1,200 jobs to go at slashed Lufthansa subsidiary

Coronavirus-stricken carriers Lufthansa and Turkish Airlines will close the German branch of their SunExpress joint venture, placing 1,200 jobs under threat, the company said Tuesday.

1,200 jobs to go at slashed Lufthansa subsidiary
A SunExpress plane in Stuttgart in July 2017. Photo: DPA

“Flight operations by SunExpress Germany, a subsidiary of Turkish SunExpress, will be ended shortly and an orderly liquidation process begun,” a SunExpress spokesman said in a statement.

Almost 1,200 employees at the 20-aircraft carrier will be affected, the spokesman added, saying SunExpress “will take on responsibility by working through possible solutions in the coming weeks with workers and social partners”.

Meanwhile the aircraft will be shared out among Lufthansa's other subsidiaries and Turkish Airlines.

Bosses and German ministers are waiting on tenterhooks to see whether Lufthansa investors will approve Thursday a nine-billion-euro bailout package that would see Berlin take a 20-percent stake in the airline.

Months of flight operations cut back to levels not seen in decades because of coronavirus lockdowns have bled the company's cash reserves dry, prompting it to turn to the German government.

But the giant group's newly-arrived top shareholder Heinz-Hermann Thiele, a railway tycoon, has cast doubt on whether he will support the state rescue.

READ ALSO: How Germany's Lufthansa is lifting off again as lockdowns ease

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Lufthansa fires up ‘jumbo jet’ for surge in German tourists bound for Mallorca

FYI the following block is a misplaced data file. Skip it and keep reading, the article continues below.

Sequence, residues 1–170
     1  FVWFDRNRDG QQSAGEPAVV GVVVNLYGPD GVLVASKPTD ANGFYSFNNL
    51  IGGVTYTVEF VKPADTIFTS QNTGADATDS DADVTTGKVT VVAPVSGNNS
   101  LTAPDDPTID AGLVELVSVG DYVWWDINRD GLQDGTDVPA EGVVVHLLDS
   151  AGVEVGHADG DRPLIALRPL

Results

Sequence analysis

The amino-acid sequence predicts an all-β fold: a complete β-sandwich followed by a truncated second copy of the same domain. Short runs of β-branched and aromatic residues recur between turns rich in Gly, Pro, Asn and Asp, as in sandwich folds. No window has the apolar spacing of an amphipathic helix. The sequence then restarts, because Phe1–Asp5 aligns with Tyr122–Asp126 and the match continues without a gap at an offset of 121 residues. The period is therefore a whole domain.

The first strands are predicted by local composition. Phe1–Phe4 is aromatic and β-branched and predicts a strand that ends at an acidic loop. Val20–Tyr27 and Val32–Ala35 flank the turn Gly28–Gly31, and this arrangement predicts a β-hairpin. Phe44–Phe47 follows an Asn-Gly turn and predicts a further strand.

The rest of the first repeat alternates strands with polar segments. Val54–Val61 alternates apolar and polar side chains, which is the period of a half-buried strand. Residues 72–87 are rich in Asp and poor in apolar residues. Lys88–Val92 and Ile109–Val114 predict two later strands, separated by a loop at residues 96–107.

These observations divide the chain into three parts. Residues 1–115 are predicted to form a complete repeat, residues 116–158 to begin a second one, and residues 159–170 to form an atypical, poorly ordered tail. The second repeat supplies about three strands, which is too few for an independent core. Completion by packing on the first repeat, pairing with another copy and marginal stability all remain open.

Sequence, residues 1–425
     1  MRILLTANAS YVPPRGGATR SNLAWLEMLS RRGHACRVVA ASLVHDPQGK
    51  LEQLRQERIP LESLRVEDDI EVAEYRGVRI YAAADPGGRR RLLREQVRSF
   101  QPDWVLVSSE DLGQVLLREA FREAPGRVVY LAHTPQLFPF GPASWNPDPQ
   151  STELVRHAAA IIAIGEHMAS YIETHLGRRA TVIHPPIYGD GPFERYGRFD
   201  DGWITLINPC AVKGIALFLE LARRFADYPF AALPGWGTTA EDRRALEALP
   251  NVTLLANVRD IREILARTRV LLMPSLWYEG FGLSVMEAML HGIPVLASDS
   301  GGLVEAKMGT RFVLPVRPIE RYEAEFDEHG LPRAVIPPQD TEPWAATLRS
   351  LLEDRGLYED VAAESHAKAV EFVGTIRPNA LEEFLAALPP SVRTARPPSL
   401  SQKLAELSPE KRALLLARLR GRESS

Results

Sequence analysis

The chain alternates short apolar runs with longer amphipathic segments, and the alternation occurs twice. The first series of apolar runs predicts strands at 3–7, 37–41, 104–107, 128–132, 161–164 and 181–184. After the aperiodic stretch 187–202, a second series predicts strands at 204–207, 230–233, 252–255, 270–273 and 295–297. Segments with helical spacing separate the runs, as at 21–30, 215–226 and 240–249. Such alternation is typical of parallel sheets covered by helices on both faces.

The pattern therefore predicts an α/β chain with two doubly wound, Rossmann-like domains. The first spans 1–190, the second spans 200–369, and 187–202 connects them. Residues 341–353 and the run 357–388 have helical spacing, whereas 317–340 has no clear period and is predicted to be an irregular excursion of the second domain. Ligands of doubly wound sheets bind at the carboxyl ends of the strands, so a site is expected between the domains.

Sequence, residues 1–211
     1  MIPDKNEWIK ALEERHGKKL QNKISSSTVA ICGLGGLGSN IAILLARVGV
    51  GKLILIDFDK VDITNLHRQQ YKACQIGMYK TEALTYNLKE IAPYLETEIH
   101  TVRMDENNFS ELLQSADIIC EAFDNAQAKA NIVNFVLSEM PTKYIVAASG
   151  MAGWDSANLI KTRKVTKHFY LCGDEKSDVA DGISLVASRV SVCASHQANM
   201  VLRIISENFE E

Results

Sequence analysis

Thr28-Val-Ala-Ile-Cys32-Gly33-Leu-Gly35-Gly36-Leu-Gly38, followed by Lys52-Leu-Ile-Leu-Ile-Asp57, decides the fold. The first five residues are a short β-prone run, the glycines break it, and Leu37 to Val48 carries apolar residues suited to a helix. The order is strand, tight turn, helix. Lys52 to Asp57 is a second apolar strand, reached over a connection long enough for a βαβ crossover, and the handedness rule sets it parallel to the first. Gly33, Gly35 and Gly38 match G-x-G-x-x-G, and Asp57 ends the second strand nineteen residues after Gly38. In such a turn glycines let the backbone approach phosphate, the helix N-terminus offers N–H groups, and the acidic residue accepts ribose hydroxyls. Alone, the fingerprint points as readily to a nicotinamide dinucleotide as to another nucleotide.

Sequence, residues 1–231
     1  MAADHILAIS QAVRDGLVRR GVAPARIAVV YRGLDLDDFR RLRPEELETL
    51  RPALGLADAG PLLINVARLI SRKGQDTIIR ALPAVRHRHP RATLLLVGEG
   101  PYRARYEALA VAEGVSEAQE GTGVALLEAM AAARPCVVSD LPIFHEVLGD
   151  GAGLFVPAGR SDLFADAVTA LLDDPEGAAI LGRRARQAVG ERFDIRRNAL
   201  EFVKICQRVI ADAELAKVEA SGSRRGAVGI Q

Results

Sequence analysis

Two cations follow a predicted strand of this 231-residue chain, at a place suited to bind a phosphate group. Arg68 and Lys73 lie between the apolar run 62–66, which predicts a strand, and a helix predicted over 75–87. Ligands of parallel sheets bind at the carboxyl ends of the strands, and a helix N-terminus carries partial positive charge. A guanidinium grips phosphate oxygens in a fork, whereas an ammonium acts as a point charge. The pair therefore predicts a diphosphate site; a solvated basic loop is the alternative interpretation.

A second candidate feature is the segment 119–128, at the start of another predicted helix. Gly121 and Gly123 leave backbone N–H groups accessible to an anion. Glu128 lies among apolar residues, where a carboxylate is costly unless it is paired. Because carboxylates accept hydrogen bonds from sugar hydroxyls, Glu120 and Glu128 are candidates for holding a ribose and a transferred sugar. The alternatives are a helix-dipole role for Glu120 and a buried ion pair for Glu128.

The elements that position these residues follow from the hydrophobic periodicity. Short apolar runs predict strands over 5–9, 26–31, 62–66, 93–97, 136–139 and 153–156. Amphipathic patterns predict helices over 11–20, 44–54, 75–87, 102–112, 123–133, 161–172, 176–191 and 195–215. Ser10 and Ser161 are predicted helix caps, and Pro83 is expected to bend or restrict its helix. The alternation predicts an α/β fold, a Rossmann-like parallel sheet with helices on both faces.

German airline Lufthansa said Friday it was taking "extraordinary measures" to meet surging bookings for the Spanish holiday island of Mallorca, deploying a jumbo jet to ferry passengers from Frankfurt.

Lufthansa fires up 'jumbo jet' for surge in German tourists bound for Mallorca
Tourists enjoy the first days of summer on the island of Mallorca. Photo: picture alliance/dpa/AP | Francisco Ubilla

The group said it had seen a jump in reservations from German sunseekers in recent weeks, as concerns about the pandemic ease thanks to falling infection numbers and vaccination progress across Europe.

To meet demand, Lufthansa said it would swap the 215-seat Airbus A321 that usually plies the Frankfurt-Mallorca route for its Boeing 747-8 “jumbo jet”.The 747, also known as the “Queen of the Skies”, can carry 364 people and is the largest plane in Lufthansa’s fleet.

The super-large planes normally fly transatlantic routes but have been
mostly grounded since the pandemic upended air travel.

READ ALSO: ‘I really needed a break’: Pandemic-weary Germans find freedom on Mallorca

“Lufthansa is taking extraordinary measures in order to respond to a significant increase in booking demand for flights to Palma de Mallorca,” the airline said in a statement.

The jumbo jet will be used for four weekends over July and August, it added, Europe’s key summer travel season.

Mallorca is one of the most popular tourist destinations for Germans and is sometimes affectionately referred to as Germany’s “17th state”.

Before the pandemic, around five million German tourists visited the island
each year.

READ ALSO: ‘Germans are coming back’: Spaniards sceptical over return of tourists